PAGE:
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Unformatted text preview: ich is difficult to see in this view, ended in front of an outdoor dining room that had concrete couches facing the pool. This is much more luxurious than the triclinia that we saw at Pompeii! 9 Here’s the view in your textbook, looking down from one end of the Canopus towards the covered dining room on the other end. The sculptures that you can see include a couple of warriors and also a couple of Amazons, again, copies after famous Greek works. 10 I mentioned that Hadrian owned numerous copies of famous Greek sculptures. On the right is one of them, a copy of the Discobolos, or discus thrower by Myron. Another copy, but one that is considered closer to the original, can be seen in the view from your textbook on the left. 11 Now we’re going to spend a little time talking about mosaics. The Romans had many mosaics—they could be found on the floors of homes, villas and public buildings throughout the empire. Artists used tesserae, small pieces of glass or stone in a wide array of colors....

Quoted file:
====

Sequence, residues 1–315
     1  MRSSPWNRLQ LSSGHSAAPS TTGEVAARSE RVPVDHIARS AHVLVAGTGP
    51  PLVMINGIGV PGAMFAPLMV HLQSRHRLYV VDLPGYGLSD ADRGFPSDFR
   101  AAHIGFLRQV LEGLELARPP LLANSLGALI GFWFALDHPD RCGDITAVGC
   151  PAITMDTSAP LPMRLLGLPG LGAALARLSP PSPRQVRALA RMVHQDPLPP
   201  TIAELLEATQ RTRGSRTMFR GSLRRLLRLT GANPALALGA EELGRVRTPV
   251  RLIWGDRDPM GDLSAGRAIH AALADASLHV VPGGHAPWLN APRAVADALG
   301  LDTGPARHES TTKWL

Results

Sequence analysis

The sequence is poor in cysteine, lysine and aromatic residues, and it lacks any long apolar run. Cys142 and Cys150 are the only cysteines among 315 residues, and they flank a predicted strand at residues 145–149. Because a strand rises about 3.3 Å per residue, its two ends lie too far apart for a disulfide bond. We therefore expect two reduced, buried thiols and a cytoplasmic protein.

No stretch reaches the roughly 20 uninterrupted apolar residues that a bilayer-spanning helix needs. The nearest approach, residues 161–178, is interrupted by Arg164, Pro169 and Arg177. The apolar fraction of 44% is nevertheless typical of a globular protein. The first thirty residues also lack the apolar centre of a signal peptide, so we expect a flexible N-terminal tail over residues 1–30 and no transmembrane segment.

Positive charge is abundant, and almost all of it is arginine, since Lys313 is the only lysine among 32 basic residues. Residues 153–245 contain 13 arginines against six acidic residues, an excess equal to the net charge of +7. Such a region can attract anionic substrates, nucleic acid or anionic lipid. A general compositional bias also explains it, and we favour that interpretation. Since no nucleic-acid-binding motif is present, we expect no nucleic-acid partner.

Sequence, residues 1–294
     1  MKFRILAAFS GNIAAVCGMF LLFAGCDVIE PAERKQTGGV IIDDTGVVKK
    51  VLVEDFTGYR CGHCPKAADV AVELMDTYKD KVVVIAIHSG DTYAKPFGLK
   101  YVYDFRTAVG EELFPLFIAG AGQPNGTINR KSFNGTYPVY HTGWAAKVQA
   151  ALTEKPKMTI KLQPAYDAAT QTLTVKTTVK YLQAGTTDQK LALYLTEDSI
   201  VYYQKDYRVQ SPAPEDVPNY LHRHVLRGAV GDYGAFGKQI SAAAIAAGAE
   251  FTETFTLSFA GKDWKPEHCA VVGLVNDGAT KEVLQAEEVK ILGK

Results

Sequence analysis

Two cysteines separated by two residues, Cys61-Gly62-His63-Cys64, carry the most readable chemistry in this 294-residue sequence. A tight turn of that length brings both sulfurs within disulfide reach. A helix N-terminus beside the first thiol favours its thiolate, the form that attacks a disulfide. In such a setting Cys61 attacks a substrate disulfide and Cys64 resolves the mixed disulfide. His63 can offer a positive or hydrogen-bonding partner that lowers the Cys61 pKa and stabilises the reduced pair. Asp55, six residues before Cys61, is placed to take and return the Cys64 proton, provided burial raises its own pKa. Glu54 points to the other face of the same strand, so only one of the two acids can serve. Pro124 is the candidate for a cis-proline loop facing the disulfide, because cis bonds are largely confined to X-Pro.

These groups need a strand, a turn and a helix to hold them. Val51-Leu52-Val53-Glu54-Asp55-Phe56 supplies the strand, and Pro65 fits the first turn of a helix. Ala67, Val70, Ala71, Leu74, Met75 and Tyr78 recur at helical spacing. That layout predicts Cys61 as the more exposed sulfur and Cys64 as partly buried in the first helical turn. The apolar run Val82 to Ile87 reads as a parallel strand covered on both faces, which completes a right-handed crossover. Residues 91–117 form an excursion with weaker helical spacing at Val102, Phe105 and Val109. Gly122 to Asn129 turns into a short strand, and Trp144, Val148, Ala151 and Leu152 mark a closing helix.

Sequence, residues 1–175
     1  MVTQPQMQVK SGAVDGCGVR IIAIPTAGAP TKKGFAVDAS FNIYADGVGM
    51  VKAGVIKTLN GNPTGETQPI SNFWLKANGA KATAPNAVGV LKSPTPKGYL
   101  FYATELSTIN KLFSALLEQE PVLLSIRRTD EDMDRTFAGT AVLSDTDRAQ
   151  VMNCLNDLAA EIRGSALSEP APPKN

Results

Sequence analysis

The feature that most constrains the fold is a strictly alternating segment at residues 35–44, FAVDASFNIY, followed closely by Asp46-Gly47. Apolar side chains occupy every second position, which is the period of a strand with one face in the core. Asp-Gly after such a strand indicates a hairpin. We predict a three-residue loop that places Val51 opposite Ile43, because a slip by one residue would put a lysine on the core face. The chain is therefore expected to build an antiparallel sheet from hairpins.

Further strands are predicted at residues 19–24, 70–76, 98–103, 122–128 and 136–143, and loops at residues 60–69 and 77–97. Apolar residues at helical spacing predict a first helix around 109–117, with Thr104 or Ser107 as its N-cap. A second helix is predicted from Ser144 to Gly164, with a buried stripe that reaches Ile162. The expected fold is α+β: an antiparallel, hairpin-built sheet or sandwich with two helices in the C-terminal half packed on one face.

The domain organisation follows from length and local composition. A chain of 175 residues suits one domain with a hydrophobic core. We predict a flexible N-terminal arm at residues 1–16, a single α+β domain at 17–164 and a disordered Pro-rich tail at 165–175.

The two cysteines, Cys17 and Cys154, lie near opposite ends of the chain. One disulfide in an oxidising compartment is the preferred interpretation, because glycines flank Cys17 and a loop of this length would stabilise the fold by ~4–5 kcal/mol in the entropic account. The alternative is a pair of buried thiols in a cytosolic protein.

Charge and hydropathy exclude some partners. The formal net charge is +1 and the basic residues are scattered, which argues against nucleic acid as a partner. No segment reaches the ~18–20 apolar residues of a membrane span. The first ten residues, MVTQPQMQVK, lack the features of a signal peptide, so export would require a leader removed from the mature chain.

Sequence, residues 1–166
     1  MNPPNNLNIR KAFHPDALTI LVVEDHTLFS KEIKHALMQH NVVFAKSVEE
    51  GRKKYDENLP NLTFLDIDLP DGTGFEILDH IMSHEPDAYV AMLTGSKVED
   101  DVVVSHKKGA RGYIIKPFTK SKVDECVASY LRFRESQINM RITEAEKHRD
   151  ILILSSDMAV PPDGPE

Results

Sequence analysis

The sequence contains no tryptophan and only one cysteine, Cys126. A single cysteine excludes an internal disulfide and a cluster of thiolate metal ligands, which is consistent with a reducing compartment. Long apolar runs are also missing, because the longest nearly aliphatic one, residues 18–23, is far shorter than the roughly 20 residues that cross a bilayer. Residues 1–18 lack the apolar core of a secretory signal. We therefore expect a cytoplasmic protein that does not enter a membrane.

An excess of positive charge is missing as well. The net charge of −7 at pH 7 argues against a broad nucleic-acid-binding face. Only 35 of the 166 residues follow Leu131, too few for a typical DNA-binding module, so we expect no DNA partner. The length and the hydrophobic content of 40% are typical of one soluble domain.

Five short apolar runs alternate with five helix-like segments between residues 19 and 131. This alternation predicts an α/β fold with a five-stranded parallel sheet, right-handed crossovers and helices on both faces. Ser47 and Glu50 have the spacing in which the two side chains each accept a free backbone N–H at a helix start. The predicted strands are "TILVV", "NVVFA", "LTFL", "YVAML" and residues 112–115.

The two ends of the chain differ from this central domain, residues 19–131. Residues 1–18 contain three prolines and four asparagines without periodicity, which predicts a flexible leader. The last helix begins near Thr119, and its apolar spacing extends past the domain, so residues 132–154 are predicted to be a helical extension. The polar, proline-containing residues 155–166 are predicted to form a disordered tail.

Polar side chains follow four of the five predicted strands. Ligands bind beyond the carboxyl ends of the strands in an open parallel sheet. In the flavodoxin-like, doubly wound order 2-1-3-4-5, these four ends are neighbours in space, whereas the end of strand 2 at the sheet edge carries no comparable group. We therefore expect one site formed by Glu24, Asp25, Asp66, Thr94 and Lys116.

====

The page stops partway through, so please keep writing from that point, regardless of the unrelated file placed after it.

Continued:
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This note was uploaded on 09/28/2011 for the course PL SC 101 taught by Professor Web during the Summer '11 term at Penn State.

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